Peter Frampton: I started very young. Because I picked up that ukulele, everything happened very early. There was a realization — more for my parents than myself — that I had a gift early on. And I think that enabled these older musicians throughout my early years to notice me and go, ooh. Like I do when I go around the country and a younger player — girl or boy, I’ve met both of them — that come in and they’re like, nine, and they’ve won all these awards, local talent shows, and I hear them play and I go, yup, there you go. There it is. Very young! And it happens! It reminds me a lot of me, obviously.

But then I feel like all these people that came into my life starting with, I guess the most well-known was Bill Wyman — though there were people before that that are not known that came into my life and taught me stuff — who saw that, wow, this kid is good. I have felt in those early days up until Humble Pie, is when I felt that I was no longer an apprentice. That I have served; I finally finished my main apprenticeship.

I knew I’d never stop learning, but one by one, all these different people, obviously Dave (David Bowie) and Bill, early on were just so supportive. With Dave it was more like we were starting out together. He was three years older than me, but he knew more about American music than I did. So I learned so much from him. And then Bill, who’s a fountain of information, if you can stop him. [Laughter] No, he is. He’s like my older brother. Like Dave was.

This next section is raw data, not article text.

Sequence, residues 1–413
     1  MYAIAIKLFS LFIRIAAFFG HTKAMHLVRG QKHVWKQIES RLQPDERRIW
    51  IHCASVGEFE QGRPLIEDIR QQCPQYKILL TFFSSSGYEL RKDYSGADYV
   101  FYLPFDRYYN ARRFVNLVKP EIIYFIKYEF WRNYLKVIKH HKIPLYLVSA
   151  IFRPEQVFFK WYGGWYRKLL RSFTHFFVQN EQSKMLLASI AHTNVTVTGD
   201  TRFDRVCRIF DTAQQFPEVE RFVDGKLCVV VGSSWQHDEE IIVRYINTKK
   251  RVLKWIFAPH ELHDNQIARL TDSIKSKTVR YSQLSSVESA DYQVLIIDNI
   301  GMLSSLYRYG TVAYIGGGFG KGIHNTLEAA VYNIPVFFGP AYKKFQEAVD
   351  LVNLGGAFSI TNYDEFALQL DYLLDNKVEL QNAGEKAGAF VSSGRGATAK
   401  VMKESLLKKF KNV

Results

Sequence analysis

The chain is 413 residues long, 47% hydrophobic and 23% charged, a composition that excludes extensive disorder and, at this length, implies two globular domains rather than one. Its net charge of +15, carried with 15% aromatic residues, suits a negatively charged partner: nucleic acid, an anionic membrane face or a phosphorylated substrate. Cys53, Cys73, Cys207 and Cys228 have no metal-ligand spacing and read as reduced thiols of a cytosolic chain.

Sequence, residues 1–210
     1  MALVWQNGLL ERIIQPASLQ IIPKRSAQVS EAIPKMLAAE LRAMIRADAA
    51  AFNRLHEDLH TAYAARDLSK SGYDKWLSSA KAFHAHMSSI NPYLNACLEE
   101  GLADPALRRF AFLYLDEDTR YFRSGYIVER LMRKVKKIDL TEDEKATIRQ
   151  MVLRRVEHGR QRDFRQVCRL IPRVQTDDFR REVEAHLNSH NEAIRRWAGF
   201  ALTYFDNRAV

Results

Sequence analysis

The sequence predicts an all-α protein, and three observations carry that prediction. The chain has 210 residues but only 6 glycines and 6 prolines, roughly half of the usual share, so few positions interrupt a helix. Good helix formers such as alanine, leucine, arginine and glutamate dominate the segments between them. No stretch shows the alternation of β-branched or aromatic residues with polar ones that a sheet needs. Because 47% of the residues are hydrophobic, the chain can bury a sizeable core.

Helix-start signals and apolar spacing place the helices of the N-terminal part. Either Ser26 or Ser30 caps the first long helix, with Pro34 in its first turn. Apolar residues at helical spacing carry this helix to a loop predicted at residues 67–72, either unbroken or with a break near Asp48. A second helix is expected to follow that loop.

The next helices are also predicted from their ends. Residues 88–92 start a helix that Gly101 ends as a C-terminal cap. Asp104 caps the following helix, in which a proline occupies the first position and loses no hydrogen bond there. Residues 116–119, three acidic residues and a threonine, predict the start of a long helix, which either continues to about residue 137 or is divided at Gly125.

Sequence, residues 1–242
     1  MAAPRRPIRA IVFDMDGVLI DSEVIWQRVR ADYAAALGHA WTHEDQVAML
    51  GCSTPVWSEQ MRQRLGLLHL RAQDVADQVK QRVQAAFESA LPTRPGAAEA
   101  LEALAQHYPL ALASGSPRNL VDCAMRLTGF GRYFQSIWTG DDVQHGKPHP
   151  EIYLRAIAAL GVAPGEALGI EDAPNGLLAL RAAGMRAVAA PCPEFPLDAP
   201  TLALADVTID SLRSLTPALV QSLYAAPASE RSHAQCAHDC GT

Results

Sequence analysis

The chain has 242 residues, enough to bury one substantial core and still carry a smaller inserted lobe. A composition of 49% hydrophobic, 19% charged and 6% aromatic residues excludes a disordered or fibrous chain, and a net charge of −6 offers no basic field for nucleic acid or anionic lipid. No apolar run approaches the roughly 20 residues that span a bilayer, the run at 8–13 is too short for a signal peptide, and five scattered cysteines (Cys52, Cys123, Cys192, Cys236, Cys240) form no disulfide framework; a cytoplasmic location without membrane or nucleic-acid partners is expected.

I’ve just been incredibly lucky to play this Zelig role, as you said. I’ve never had it put like that before. But yeah, I can see that, where all of a sudden, there I am in a photo with Louis Armstrong!

Young Peter Frampton, student of the guitar

Rock Cellar: Or with George and Ringo at Abbey Road.

Peter Frampton: Exactly. That’s later on. So all these people, like meeting Jimi Hendrix when I was 16! I learned so much. I didn’t go to college, but I did my thesis through the Herd into Humble Pie. I felt like I hadn’t been to a real college, but I’d been to the real college of life at that point.

Rock Cellar: The college of Steve Marriott.

Peter Frampton: Yeah.

Rock Cellar: You felt like you had served your apprenticeship. Around the time of Rockin’ you write that was the moment that everything came to fruition for you and felt like you were ready to take the next step.

You had the ambition that for many people is the kiss of death, which is, “I’m going to go solo.” While it may have seemed like a slog to you, and it’s covered in detail in the book, those records, like Frampton’s Camel earlier and Winds of Change, looking at it in retrospect — that was already a second act. And then a third and fourth act!